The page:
By Joe Beck
Del. Michael Webert, R-Marshall, won a second term Tuesday night with a decisive win over Democratic challenger Colin Harris in the 18th District.
With 19 of 30 precincts reporting, Webert had won 63 percent of the vote to 36 percent for Harris.
Webert, who operates a livestock farm of nearly 3,000 acres, campaigned as an ally of business and agriculture. He touted his role in forming a new caucus in the House of Delegates dedicated to promoting economic development.
Harris sought to tie Webert to what he called extremist elements in the Republican Party, especially in the U.S. House of Representatives.
On education policy, Webert said he favored more flexibility in allowing teachers to educate students inside and outside the classroom by "partnering" with local businesses.
He cited his co-sponsorship of a bill that would create high school-to-work partnerships as one example of his approach to education.
Webert called for a change in ethics rules governing gifts for state politicians. He said monetary contributions should be limited and reporting guidelines established for gifts received by family members "if politically related."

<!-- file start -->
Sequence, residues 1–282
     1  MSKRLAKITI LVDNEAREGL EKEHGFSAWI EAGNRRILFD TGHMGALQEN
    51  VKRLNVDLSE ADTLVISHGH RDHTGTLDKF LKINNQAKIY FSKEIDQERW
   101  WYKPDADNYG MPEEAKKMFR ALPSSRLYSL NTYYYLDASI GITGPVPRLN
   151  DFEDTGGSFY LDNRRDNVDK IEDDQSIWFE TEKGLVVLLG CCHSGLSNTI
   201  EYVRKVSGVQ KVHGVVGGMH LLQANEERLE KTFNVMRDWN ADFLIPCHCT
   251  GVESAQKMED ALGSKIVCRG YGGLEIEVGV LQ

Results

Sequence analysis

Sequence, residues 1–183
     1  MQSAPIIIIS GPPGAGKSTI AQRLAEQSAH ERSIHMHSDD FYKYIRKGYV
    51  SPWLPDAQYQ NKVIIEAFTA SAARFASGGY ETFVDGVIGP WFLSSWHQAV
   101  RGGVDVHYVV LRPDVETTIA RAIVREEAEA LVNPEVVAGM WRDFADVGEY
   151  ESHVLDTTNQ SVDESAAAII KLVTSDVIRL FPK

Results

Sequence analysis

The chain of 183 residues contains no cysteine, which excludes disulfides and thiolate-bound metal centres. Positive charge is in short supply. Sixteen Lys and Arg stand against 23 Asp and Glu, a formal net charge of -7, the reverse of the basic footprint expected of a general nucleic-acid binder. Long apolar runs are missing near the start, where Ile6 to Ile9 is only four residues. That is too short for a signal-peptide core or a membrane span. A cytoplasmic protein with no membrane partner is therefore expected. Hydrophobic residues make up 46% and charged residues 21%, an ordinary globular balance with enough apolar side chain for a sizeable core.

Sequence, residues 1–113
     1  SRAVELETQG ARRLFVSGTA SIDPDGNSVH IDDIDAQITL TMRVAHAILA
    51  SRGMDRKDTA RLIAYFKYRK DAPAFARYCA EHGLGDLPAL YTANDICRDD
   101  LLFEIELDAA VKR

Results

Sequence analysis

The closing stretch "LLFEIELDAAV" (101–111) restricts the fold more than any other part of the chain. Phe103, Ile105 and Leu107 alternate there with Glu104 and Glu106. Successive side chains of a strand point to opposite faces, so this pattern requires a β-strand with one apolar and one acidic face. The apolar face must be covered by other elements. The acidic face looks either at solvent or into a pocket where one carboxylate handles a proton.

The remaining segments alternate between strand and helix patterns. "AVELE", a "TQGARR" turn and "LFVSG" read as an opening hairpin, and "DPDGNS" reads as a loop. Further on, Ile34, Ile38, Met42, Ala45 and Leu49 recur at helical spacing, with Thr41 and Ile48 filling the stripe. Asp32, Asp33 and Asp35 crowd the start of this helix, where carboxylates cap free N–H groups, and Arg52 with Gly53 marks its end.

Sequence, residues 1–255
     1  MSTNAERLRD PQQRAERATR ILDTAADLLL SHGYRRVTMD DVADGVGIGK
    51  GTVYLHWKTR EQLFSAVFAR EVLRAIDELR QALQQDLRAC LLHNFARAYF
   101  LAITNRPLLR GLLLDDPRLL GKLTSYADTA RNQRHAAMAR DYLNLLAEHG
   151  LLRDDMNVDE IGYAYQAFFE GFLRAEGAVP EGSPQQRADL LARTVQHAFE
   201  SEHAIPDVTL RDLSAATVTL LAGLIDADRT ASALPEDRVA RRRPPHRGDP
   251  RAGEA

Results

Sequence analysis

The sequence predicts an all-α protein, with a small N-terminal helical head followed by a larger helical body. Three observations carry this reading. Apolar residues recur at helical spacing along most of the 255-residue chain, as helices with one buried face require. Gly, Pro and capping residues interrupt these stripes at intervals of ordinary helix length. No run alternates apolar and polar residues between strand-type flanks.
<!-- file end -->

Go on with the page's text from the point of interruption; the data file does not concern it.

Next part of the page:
Harris and Webert sounded conciliatory notes toward each other Tuesday night after the results showed Webert with an insurmountable lead.
Webert said the main difference between the 2013 campaign and the 2011 campaign was that this year's opponent "was working hard, and he ran a pretty darn good campaign."
Harris, 22, said he was disappointed in the outcome but pleased that he and Webert ended the campaign with a measure of good will toward each other.
"He and I have grown to understand each other quite well during this campaign," Harris said.
"We got the issues out there, and we got people challenging their basic assumptions about these things, and it's an effort we can be incredibly proud of," Harris said.
Webert said business development and changes in the state's Standards of Leaning would be the focus of his second term.
"The big thing now is we have teachers who, given the fact they have to work toward these tests, are not given the leeway to be creative in their teaching of students," Webert said.
Contact staff writer Joe Beck at 540-465-5137 ext. 142, or email@example.com